History Of The COCKER SPANIEL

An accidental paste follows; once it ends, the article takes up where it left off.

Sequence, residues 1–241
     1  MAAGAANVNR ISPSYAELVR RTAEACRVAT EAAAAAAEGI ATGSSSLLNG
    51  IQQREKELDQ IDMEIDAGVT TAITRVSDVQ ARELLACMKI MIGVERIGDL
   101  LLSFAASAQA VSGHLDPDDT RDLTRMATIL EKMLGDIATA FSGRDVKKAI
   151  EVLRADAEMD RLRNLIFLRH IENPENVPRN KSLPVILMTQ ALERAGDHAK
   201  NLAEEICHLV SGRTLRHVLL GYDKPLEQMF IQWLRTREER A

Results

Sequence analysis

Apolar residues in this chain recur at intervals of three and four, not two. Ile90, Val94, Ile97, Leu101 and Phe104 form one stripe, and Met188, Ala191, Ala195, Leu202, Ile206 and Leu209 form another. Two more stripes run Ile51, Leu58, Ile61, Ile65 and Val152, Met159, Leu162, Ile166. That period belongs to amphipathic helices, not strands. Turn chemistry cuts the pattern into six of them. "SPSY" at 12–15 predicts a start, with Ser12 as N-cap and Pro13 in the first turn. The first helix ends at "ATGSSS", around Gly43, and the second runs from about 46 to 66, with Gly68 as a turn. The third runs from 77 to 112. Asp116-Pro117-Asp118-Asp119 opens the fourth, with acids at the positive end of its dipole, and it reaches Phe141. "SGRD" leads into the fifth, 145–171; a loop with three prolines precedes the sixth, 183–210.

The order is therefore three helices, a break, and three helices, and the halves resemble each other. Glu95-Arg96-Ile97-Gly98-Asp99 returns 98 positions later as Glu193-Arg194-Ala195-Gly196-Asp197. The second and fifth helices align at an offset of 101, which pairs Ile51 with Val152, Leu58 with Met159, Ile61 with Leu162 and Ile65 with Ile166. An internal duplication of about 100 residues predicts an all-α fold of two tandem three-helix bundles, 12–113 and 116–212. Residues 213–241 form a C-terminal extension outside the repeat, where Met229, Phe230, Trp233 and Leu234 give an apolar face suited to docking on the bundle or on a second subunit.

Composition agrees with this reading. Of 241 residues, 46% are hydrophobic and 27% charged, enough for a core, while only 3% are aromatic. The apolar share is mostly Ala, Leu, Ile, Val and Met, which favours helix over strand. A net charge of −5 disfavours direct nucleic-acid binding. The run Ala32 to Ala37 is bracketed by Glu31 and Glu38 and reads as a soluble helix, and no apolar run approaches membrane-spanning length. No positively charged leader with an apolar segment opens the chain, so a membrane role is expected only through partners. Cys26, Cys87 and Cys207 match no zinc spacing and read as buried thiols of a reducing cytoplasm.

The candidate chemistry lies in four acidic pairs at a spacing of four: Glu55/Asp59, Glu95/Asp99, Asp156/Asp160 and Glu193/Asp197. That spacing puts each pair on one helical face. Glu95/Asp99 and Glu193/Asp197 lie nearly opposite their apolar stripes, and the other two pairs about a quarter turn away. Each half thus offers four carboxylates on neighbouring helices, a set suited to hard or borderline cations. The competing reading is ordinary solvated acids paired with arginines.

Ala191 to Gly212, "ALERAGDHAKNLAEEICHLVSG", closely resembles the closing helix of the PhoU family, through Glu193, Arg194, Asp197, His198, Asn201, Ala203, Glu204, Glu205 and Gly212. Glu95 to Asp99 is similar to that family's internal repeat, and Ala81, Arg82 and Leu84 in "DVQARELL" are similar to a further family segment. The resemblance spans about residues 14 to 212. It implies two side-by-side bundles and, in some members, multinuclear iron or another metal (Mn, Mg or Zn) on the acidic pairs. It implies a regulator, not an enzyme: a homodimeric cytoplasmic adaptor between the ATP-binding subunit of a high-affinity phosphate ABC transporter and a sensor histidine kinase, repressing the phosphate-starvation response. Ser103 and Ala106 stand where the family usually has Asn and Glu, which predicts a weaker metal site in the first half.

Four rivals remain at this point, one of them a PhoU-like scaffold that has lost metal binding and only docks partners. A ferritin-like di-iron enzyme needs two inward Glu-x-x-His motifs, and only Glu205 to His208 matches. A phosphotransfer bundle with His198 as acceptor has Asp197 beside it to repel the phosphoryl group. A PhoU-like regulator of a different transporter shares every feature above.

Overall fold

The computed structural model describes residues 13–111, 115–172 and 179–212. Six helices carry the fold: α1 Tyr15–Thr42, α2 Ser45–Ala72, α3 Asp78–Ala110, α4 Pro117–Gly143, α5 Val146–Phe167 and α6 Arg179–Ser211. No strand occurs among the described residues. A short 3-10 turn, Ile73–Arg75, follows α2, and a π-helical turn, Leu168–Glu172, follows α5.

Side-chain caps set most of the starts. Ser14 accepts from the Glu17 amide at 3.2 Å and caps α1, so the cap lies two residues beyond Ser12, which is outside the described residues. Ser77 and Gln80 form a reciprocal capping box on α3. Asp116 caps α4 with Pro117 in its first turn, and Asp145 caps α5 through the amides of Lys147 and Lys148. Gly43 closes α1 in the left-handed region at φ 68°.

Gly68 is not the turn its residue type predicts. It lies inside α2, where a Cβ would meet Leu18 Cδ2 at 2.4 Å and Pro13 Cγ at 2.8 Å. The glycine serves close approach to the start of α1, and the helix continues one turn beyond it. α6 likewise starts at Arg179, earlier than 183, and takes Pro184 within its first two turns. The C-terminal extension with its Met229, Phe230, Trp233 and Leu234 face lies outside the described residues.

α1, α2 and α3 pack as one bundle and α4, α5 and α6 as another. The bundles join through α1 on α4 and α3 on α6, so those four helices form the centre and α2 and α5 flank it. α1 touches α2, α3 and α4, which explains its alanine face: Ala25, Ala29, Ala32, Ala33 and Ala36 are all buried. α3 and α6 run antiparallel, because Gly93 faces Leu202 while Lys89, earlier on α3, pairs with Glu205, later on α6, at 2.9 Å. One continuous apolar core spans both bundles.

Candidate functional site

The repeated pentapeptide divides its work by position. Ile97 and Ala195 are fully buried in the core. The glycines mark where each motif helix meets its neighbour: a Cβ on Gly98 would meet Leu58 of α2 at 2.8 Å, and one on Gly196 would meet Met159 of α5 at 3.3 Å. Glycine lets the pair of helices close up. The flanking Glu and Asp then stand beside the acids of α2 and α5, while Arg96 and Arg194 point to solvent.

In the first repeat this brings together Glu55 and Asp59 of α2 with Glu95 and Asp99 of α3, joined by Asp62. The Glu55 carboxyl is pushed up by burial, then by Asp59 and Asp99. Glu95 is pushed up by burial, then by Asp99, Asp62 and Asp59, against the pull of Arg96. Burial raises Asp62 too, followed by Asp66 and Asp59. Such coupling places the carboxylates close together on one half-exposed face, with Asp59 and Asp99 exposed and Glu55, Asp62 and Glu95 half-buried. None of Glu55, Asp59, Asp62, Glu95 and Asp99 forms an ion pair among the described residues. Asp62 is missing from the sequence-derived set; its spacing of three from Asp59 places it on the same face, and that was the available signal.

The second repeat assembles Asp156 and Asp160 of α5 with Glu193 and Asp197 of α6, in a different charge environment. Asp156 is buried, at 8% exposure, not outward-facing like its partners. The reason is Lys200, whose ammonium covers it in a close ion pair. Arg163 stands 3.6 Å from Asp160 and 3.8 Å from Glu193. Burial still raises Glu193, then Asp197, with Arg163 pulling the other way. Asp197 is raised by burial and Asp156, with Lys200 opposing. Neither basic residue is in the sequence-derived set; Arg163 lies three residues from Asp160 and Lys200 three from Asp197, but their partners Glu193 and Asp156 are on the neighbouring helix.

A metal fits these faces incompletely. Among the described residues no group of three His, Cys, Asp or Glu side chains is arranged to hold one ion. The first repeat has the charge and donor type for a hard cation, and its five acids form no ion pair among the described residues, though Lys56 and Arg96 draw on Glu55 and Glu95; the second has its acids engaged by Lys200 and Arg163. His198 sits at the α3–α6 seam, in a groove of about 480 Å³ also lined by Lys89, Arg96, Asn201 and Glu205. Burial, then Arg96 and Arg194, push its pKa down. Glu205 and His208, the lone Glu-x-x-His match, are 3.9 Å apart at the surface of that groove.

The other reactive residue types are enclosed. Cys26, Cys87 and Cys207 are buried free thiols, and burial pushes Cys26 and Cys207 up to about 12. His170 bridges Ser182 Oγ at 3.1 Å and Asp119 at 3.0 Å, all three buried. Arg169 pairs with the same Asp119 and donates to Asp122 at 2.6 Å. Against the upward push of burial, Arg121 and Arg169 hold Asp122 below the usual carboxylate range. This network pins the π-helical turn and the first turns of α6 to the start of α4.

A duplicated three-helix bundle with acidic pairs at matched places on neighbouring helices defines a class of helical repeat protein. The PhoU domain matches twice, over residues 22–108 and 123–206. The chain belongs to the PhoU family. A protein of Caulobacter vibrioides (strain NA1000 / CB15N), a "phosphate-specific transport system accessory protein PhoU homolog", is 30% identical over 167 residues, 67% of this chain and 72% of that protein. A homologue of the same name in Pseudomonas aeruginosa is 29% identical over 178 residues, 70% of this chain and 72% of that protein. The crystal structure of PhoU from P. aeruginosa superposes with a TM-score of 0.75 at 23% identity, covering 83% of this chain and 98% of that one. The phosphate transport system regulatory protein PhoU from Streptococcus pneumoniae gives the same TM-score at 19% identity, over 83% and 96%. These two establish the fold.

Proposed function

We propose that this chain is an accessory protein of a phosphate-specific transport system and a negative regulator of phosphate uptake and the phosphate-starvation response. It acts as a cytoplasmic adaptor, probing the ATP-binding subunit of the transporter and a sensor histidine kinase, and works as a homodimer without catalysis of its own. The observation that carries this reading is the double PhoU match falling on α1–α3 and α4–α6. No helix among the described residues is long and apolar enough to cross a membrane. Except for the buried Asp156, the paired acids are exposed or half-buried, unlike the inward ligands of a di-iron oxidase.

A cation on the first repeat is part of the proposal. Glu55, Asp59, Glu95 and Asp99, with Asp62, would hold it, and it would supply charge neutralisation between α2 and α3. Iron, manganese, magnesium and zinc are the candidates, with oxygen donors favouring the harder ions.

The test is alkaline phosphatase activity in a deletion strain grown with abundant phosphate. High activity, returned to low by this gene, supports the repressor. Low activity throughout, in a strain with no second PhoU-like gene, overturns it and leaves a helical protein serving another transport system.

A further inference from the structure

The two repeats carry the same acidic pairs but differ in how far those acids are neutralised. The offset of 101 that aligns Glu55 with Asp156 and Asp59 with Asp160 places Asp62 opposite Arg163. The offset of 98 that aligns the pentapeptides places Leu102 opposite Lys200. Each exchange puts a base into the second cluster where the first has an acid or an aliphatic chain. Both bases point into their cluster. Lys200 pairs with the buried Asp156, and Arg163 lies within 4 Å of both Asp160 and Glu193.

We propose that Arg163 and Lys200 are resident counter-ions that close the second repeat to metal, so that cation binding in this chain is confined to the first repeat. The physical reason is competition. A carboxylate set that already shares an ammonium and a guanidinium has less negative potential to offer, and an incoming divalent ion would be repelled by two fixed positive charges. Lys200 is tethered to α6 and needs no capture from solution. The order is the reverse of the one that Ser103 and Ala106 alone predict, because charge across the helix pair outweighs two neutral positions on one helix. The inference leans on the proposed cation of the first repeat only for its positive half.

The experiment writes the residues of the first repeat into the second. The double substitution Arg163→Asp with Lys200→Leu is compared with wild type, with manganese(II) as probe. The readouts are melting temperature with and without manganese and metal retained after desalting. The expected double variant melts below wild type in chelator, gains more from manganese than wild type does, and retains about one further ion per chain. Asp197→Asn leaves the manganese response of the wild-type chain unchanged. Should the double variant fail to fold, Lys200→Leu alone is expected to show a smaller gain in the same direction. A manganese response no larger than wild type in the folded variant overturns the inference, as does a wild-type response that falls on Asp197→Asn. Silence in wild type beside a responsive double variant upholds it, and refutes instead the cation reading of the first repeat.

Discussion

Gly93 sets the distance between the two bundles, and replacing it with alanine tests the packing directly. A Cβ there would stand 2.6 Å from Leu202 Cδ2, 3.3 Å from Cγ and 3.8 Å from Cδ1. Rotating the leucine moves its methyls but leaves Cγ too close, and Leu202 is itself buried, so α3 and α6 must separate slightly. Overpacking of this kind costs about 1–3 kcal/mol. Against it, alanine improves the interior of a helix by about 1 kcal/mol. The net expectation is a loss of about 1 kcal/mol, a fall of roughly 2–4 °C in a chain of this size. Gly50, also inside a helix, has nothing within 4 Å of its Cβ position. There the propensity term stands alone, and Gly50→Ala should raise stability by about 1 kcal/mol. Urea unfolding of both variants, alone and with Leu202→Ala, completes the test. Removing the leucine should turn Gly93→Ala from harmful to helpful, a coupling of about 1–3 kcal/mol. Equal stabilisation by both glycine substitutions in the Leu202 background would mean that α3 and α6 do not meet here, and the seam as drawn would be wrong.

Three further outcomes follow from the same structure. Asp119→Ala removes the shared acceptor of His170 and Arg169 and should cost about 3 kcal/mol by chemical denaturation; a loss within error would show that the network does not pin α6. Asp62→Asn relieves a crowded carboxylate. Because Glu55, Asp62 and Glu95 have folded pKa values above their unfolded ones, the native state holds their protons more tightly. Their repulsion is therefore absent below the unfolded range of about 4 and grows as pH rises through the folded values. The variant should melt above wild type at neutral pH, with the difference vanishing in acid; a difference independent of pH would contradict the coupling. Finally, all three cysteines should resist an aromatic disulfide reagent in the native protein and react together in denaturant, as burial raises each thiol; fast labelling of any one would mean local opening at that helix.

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The Cocker Spaniel has been a beloved hunting companion in Europe for centuries, and there are mentions of Spaniels as far back as the 14th century. The general theory is that they were developed in Spain, and the many Spaniel breeds we know today are the result of breeding in different regions for different types of birds. The Cocker Spaniel is no exception. Their smaller size was quickly recognized as an advantage when hunting English Woodcock and is partially responsible for the breeds name. Until the 19th century, the cocker classification of Spaniel could refer to what we now consider to be several separate breeds. Before that, the one litter could have both Cocker and Springer Spaniels since the only qualification to be a Cocker was to be under 25 pounds. It may seem like a broad generalization, but before the weight classification, most Spaniels were only separated by was if they were a land or water canine. Then came the distinction of being a Cocker or Springer based on size. The founding of The Kennel Club in 1873 is a massive reason that there are more specific breed standards today. At one point, the breeds we know today as the Norfold, Sussex, and Clumber Spaniels, were all considered to simply be Cocker Spaniels. Other breeds like the Welsh and Devonshire Spaniels were considered Cockers until 1903, and we consider them Springers today. You can see how muddled the history of the entire branch of Spaniels is, and it doesn't stop there. Today, we have two versions of the Cocker Spaniel; the English Cocker and the American Cocker. Both are adept at hunting birds in their respective countries and adored by their families for their sweet natures. They are different enough in size and appearance to be considered distinct from each other, but their fantastic personality remains the same. That's actually one thing that has stayed the same. The Spaniel temperament was not diluted or altered in the centuries they've been hunting and family companions. The Cocker Spaniel is a favorite with so many people because of its smaller size, making it easier to care for when it comes to costs and traveling. They have always been prized hunting companions for their ability to seek out and startle game birds for hunters and then retire for a quiet evening with the family. They have the energy and stamina to run across fields all day but are surprisingly not a high energy breed that needs a lot of exercise. These easy-going and loving canines have been the perfect balance between sporting and family companions throughout their long history. A few moments ago, I mentioned an English and an American version of the Cocker Spaniel today, but they come from the same stock. It's widely accepted that a Cocker Spaniel named Obo was the founding sire for the English version, which has changed little throughout the years. Here's where it gets a bit tangled up again. The American line's founding sire is his son, Obo II, who was born and raised in the US. Obo II was born in 1879 when the only qualification to be a Cocker was to be under 25 pounds. Because of this, the American Cocker Spaniel we have today is a bit smaller and has a shorter back and muzzle than its English counterpart. The English Cocker Spaniel is longer and more narrow in every direction, while also being slightly larger. It wasn't until 1946 that The Kennel Club recognized the American and English versions as being distinct from one another. The Cocker Spaniel, in both it's American and English versions, has been near the top of 'most popular breed' lists in both countries for years. Exact numbers are hard to come by in the US since, for the first ten years of its incredible popularity, there wasn't a distinction between the American and English Cocker. The English Cocker has a much larger fan base thanks to its many centuries as a preferred sporting dog in the UK long before the breed was exported to the US. Hopefully, this video has helped to clarify the tangled thread of the Cocker within the Spaniel category for you. I'll be diving into the history of several other Spaniels soon to give you a more complete picture of how the once all-encompassing category was broken down into all the separate Spaniels we know and love still today.